Monthly Archives: October 2021

Creative Juice #265

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Creative Juice #265

Special all-Bored Panda episode. Bored Panda is the single website (other than ARHtistic License, of course) that got me through the pandemic. Here are some of my favorite articles. You’re welcome.

OctPoWriMo2021 Day 21: What it Takes to Write a Poem

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The prompt is discipline. The form is acrostic.

What it Takes to Write a Poem 

Daring
Intentions and aspirations, requiring keeping
Seat (butt) in
Chair (Sit. Stay.)
Intent on
Poetic devices, rhyme and meter, concentration for
Long hours devoid of any joy
I accept there will be
No reward without
Effort

©ARHuelsenbeck

A Photo a Week Challenge: Vibrant

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Oleander

Doing double duty with Cee’s Flower of the Day.

More Photo a Week.

Video of the Week #328: Make Creativity a Daily Habit

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Octangling2021 Day 20

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Today’s pattern is croissant, by Yu Ru Chen. I made a variation:

Croissant variation

Wordless Wednesday: Ocotillo

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Ocotillo

OctPoWriMo2021 Day Nineteen

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Today’s prompt is storytelling. The form I chose is terzanelle.

I’ll Tell You Mine if You Tell Me Yours 

Do you want to hear my story?
You must listen with your heart.
Do you want to hear my story?

You must answer with your art.
There must be a compensation.
You must listen with your heart.

You’ll receive no dispensation.
Tell your story in return.
There must be a compensation

or my tale will make you burn.
Share with me your darkest secrets.
Tell your story in return.

Whisper all your shameful regrets.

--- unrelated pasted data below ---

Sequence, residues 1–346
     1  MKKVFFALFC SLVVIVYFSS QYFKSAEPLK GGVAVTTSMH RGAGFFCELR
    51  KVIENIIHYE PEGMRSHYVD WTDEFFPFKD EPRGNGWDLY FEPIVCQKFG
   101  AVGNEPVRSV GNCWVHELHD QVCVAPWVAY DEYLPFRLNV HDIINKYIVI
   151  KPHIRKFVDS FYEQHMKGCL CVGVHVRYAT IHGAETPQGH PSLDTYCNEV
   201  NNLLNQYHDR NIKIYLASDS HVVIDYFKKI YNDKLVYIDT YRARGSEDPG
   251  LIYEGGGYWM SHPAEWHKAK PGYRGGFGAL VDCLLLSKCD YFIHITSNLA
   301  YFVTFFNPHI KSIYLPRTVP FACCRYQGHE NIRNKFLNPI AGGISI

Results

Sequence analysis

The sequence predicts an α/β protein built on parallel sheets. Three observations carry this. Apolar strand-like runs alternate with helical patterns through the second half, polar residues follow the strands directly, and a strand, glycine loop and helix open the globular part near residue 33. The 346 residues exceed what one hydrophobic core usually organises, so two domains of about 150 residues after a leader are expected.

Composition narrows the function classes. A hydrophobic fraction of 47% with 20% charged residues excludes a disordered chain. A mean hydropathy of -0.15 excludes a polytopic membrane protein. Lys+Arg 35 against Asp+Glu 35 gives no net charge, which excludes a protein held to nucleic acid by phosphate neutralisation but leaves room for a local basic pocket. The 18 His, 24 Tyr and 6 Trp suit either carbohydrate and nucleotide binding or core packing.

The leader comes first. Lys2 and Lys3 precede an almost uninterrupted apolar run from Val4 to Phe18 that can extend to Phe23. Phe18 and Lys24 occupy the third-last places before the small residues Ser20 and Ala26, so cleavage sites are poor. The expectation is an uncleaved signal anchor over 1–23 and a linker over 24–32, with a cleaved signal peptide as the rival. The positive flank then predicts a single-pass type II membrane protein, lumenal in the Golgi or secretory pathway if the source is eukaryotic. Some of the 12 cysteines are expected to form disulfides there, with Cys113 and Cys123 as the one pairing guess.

I have always loved you only.
Share with me your darkest secrets.

But you left me waiting, lonely.
Do you want to hear my story?
I have always loved you only.
Do you want to hear my story?

©ARHuelsenbeck

Vermeer

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Johannes (Jan) Vermeer (1632-1675) was one of the foremost Dutch artists of the 17th century.

Girl with a Pearl Earring
My favorite Vermeer, Girl with a Pearl Earring, which also inspired the 1999 novel of the same name by Tracy Chevalier, and the subsequent movie.

He remained relatively obscure during his lifetime and until the end of the nineteenth century, mainly because he produced only about forty-five paintings (of which thirty-six are known today) during his brief lifetime, primarily for a small circle of patrons in Delft. Most Dutch painters turned out hundreds of pictures for a much broader market.

The Milkmaid
The Milkmaid by Jan Vermeer

Vermeer’s father trained as a weaver but eventually became an innkeeper and art dealer. The art business exposed Jan to the formal conventions of past and current masters. Due to his father’s debts and death in 1652, Vermeer had to essentially train himself rather than study with a master. During most of his short career, his paintings earned high commissions and he was able to support his large family (he and his wife had eleven children), but the dismal Dutch economy of the early 1670s made his last few years challenging.

Lady Writing a Letter with her Maid
Lady Writing a Letter with her Maid by Jan Vermeer

Vermeer’s paintings often feature a domestic world occupied mostly by women, whose postures, behavior, and expressions invite close study and sympathy. His works often hint at some connection between a figure and the viewer, making one feel like a voyeur.

The Astronomer
The Astronomer by Jan Vermeer
The Art of Painting
The Art of Painting by Jan Vermeer
Mistress and Maid
Mistress and Maid by Jan Vermeer. Oh, the light!
Vermeer
Girl Reading a Letter by an Open Window by Jan Vermeer. This painting was recently restored, revealing a painting of Cupid on the wall behind the girl.

Images and information for this article came from Wikipedia and the Metropolitan Museum of Art website. If you’d like to go down a Vermeer rabbit hole, check out the Essential Vermeer website.

Octangling2021 Day 18

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This is actually tomorrow’s pattern, but I wanted to do it today–Maryhill by Betsy Wilson:

Maryhill

Monday Morning Wisdom #332

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Monday Morning Wisdom #332

Creation is bringing something new into existence. Formula is re-creation of what has been. Through a repetitive series of steps, it seeks to gain similar results by duplicating what’s worked in the past.That’s great for a muffin mix. Not for creating something original.

~Allen Arnold, on Facebook at The Story of With